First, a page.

In September 2000, just after the second intifada broke out, I wrote a prayer for peace between Israelis and Palestinians. We have been reciting the prayer at my synagogue ever since.
I was prompted to write the prayer for two reasons. First, praying for a just peace was my natural response to events that finally spelt the end of the peace process. Second, because the Israeli poet, Yehudah Amichai, had just died and feeling a deep sadness at the loss of this unique personality, whose poetry spoke so lyrically of the anguish and joy of being an Israeli, I was reminded of his poem, ‘I, may I rest in peace’.
When Rabbi Lea Mühlstein and I as co-editors of the new Liberal Judaism siddur were working on the first draft and decided to include my prayer for peace, we realised that it was a new departure, but we did not think it would be controversial. But then, at that time, President Trump had not decided to move the American embassy from Tel Aviv to Jerusalem, sparking mass protests amongst the Palestinians, in particular, in Gaza – and large sections of the Jewish community in the UK, already perturbed by the ongoing issue of anti-Semitism in the Labour Party, had not reacted with outrage in response to young Liberal and Reform Jews participating in the Kaddish for Gaza event that followed the killing of 70 Gazans by the Israeli army.
Why were so many Jews from across the denominational spectrum outraged about the fact that those young Jews had participated in the Kaddish for Gaza?
Of course, Hamas holds sway in Gaza, and many people felt that Israel was simply responding to the threat posed by what was regarded as Hamas-incited mass demonstrations at the Gaza-Israel border, the site for many years of rocket attacks into Israel. Hamas fighters were amongst those killed. How could young Jews say Kaddish for Hamas militants?
I think there was a deeper reason for the outcry. How could young Jews show solidarity with those considered to be ‘our enemies’? How could the Kaddish, ‘our’ prayer for the dead, be recited for ‘them’?
Further, so many of those young Jews, were involved in Zionist youth movements. They had been on Israel Tour; they had spent their gap year on Shnat. But as Liberal and Reform participants, they had also been imbued with ethical values concerning justice and equality and had spent time meeting groups fostering reconciliation between Israelis and Palestinians.
Quite simply, committed Zionists, those young Jews felt compassion for the people of Gaza, and that’s why they participated in the Kaddish for Gaza.
The first draft of the new siddur was used at the end of June Liberal Judaism biennial. Although it wasn’t official LJ policy, I was warned off reciting my prayer for peace during the Shabbat morning service.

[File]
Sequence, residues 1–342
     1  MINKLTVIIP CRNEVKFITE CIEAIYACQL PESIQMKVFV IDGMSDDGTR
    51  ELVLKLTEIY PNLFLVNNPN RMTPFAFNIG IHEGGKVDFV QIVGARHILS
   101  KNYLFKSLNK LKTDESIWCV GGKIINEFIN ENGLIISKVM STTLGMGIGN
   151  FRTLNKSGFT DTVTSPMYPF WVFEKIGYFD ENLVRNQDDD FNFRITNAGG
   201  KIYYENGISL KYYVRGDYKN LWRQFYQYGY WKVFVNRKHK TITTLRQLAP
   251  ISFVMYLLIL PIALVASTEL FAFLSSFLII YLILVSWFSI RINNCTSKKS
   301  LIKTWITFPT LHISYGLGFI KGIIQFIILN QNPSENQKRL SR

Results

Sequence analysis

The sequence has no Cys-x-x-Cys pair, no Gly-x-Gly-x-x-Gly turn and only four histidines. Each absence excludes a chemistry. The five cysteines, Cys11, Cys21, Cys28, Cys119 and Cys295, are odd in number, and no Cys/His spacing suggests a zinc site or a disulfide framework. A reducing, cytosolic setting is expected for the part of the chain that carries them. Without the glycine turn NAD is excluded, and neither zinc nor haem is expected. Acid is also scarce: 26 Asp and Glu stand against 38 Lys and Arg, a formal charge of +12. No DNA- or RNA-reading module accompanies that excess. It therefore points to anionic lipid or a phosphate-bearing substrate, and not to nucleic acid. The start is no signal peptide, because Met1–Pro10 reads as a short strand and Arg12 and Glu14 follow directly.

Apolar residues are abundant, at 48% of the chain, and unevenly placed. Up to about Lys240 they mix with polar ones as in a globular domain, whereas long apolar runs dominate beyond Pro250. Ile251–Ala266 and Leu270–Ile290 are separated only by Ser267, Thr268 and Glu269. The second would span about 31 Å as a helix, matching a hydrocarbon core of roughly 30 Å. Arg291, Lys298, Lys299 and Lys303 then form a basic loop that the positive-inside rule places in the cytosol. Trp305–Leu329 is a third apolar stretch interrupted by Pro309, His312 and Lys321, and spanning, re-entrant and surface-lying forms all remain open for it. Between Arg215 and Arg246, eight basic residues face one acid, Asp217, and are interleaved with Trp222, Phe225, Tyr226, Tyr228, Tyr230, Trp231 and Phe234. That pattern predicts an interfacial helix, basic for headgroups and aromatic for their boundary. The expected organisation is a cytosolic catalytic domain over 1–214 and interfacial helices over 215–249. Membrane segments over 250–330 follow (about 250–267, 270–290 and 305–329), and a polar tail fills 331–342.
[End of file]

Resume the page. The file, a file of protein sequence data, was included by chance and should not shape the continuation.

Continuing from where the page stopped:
Given that there can’t be a single Jew anywhere who doesn’t hope that there will be peace, how could anyone object to reciting a prayer for peace between Israelis and Palestinians?
Perhaps, the problem lies in the presentation of equivalence between Israelis and Palestinians. The prayer is non-partisan because peace can only be achieved if the needs of both peoples for peace are acknowledged. The prayer also appeals to the One God of us all, the One who teaches every human being the values of compassion, righteousness, justice and peace.
I chose the wording very carefully, beginning each paragraph with an appeal: to the God of Compassion to stir feelings of compassion amongst both Israelis and Palestinians, to the Source of Life to send blessings into every home, Israeli and Palestinian, so that new hope may overcome old fears, to the Righteous One, that a spirit of righteousness may prevail, so that both peoples find the courage to reach a just settlement of their differences, to the One who teaches us to be seekers of peace to spread a tabernacle of peace over all the inhabitants of the land, and to support the peacemakers among both peoples in their efforts to walk the path of reconciliation.
Significantly, many of the Israelis and the Palestinians who are devoted to reconciliation are those who have been bereaved in the conflict. The Parents Circle Family Forum (http://theparentscircle.org), which facilitates dialogue meetings between bereaved Israelis and Palestinians, demonstrates that when opportunities are created for people to speak about their pain and loss and be heard by those whom they regard as responsible for their pain and loss, even those who are most divided from one another can be brought together.
A just peace between Israelis and Palestinians will only be achieved when both Israelis and Palestinians feel able to acknowledge each other’s suffering. 70 years after the establishment of the State of Israel, without any hope of peace in sight, hasn’t the time come for Jews across the world to recognise the needs of Palestinians alongside the needs of Israelis, and pray for peace between Israelis and Palestinians?
Rabbi Elli Tikvah Sarah
Brighton and Hove Progressive Synagogue